Using function constructor is typically discouraged given the challenges of maintaining, reading and debugging a string of code rather than actual code. There is no good way to debug these functions because these are not recognized by JavaScript debuggers. They are like a black box in your application.

Regular Expression literals

Regular expression literal form is;

var numbers = /\d+ /g;

Constructor equivalent is;

var numbers = new RegExp(“\\d+”, “g”);

When using RegExp constructor, patterns are passed as string. Any back-slashes need to be escaped. That’s why \d is used in literal and \\d is used in the constructor above.

Regular expression literals are preferred over the constructor form except when regular expression is being constructed dynamically from one or more strings.

Functions as an exception, there is no right or wrong way to instantiate built-in types.

Property Access

Properties are name/value pairs that are stored on an object. Properties can be accessed by dot notation or bracket notation with a string;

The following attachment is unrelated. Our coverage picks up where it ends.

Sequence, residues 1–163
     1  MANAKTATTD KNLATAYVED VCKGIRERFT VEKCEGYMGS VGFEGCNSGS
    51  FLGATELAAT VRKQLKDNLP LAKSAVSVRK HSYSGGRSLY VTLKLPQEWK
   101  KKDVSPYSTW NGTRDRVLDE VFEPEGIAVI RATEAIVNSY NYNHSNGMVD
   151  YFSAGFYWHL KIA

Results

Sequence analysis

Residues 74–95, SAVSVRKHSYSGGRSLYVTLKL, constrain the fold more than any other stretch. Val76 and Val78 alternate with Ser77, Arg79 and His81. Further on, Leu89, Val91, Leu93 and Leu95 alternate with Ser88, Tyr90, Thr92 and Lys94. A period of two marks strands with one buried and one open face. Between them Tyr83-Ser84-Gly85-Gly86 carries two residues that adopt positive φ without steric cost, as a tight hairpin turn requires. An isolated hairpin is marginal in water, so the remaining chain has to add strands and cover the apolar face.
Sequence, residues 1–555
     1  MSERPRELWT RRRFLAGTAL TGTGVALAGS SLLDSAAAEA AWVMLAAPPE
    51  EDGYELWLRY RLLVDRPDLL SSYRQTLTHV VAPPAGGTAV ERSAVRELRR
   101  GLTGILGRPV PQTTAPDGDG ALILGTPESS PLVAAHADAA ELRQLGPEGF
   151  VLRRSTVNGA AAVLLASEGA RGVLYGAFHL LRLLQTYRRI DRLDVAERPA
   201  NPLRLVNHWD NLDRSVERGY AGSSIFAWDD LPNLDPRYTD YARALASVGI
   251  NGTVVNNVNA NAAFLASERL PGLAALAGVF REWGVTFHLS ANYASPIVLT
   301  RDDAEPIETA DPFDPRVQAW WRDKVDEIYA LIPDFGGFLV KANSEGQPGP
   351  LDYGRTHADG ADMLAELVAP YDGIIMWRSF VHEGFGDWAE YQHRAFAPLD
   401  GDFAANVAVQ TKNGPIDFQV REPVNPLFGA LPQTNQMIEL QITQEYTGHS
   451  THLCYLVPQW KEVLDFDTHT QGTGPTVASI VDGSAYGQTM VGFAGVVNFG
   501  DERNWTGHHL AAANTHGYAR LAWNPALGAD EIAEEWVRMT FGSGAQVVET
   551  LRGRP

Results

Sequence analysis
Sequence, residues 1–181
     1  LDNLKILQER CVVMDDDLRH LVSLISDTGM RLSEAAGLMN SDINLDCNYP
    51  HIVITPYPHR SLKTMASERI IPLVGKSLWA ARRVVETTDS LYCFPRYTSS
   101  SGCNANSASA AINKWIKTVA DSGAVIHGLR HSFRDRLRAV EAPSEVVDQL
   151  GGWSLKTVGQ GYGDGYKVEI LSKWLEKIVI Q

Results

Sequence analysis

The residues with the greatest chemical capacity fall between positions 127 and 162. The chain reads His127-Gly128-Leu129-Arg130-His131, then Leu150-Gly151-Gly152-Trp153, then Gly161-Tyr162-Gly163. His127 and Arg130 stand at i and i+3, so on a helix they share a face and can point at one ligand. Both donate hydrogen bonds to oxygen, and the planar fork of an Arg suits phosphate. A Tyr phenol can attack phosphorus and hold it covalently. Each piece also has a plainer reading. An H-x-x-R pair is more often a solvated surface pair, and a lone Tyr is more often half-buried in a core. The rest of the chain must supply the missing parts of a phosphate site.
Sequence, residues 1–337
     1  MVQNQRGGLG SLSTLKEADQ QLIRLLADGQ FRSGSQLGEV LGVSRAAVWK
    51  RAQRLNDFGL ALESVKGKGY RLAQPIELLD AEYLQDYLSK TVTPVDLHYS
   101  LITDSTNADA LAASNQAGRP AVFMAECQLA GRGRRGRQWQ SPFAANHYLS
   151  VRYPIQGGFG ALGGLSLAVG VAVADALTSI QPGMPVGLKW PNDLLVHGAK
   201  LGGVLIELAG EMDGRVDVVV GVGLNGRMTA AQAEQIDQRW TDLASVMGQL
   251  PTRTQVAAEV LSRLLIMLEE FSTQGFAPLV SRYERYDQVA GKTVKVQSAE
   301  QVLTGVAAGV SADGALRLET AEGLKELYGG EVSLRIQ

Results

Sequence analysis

with dot notation;

var array = [];

with bracket notation the name of the method is enclosed in square brackets;

var array = [];

This syntax is useful when we want to dynamically decide which property to access. For example, bracket notation allows us to use a variable instead of the string literal to specify the property to access;

var array = [];
var method = "push";

bracket notation allows you to use special characters in the property names. dot notation is easier to read and can be seen more frequently in applications.

How to identify reference types

The easiest reference type to identify is function type. Typeof operator on a function should return its type “function”.

function reflect(value) {
return value;
console.log(typeof reflect);		//returns “function”